There may be other gatherings that are considered essential and it is at the discretion of the individual state and territory Chief Medical Officers or equivalent to assess each on their merits, and determine whether they can continue if mitigated by social distancing measures.
National Cabinet agreed that all Australians should only consider travelling when it is essential. If unwell, people must stay at home, unless seeking medical care.
National Cabinet agreed that public transport is essential and that AHPPC advice should apply in relation to public transport (trains, trams, buses, ferries), taxi and ride share vehicles and transport of vulnerable populations, with particular attention given to cleaning and hygiene.
National Cabinet agreed that domestic air travel is low risk. The issue of where people are travelling to and sensitive locations where travel should be restricted, will be developed with advice of states and territories.
The National Cabinet will further consider social distancing arrangements for domestic transport at its next meeting on Friday 20 March 2020.
In all cases, appropriate social distancing and hygiene practices should be applied.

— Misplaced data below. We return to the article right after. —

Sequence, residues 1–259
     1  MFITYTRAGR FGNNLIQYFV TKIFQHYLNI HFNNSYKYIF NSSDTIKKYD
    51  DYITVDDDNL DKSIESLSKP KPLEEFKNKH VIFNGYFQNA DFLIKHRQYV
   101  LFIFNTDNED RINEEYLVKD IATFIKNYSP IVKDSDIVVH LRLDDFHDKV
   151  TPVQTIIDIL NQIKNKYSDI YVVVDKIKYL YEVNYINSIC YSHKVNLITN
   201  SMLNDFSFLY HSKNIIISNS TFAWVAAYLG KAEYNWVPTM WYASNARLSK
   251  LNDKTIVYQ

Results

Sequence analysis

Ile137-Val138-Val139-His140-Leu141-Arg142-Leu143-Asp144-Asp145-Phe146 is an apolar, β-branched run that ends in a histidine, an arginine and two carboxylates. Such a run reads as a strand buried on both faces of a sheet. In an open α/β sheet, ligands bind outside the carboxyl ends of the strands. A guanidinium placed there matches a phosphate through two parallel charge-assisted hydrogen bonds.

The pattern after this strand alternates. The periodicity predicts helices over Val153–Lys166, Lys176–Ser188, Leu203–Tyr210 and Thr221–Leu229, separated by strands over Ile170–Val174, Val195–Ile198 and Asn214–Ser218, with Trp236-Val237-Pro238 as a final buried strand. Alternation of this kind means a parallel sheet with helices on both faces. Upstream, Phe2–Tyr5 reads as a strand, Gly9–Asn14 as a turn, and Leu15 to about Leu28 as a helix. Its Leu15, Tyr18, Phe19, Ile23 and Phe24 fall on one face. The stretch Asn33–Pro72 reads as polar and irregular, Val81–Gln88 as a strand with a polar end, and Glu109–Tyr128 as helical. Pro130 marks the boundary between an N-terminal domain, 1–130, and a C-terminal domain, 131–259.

Anzac Day is an important commemoration where we demonstrate our respect and admiration for Anzacs past and present. But the way we commemorate Anzac Day this year will need to change.
The National Cabinet has agreed that Anzac Day ceremonies and events should be cancelled due to the high proportion of older Australians who attend such events and the increased risk posed to such individuals. A small streamed/filmed ceremony involving officials at a state level may be acceptable. There should be no marches.
All Australian-led international Anzac Day Services will be cancelled for 2020 given international travel restrictions and restrictions on public gatherings.
The Australian War Memorial will aim to conduct a national televised Dawn Service with no general public attendance.
State and Territory Governments and the RSLs will work together on local community arrangements to commemorate Anzac Day.
Recommendation on bulk purchase of supplies
The National Cabinet has strongly endorsed the AHPPC advice against the bulk purchase of foods, medicines and other goods.
We strongly discourage the panic purchase of food and other supplies. While some advice has been provided to have a small addition of long shelf life products in the case of illness there are a range of mechanisms in place to support people in self-isolation, including food and other deliveries. AHPPC notes that the risk of individual Australians being asked to quarantine in coming weeks is low, and encourages individuals to plan with friends and family in the event of the need to isolate. We recognise the importance of supply lines to remote communities.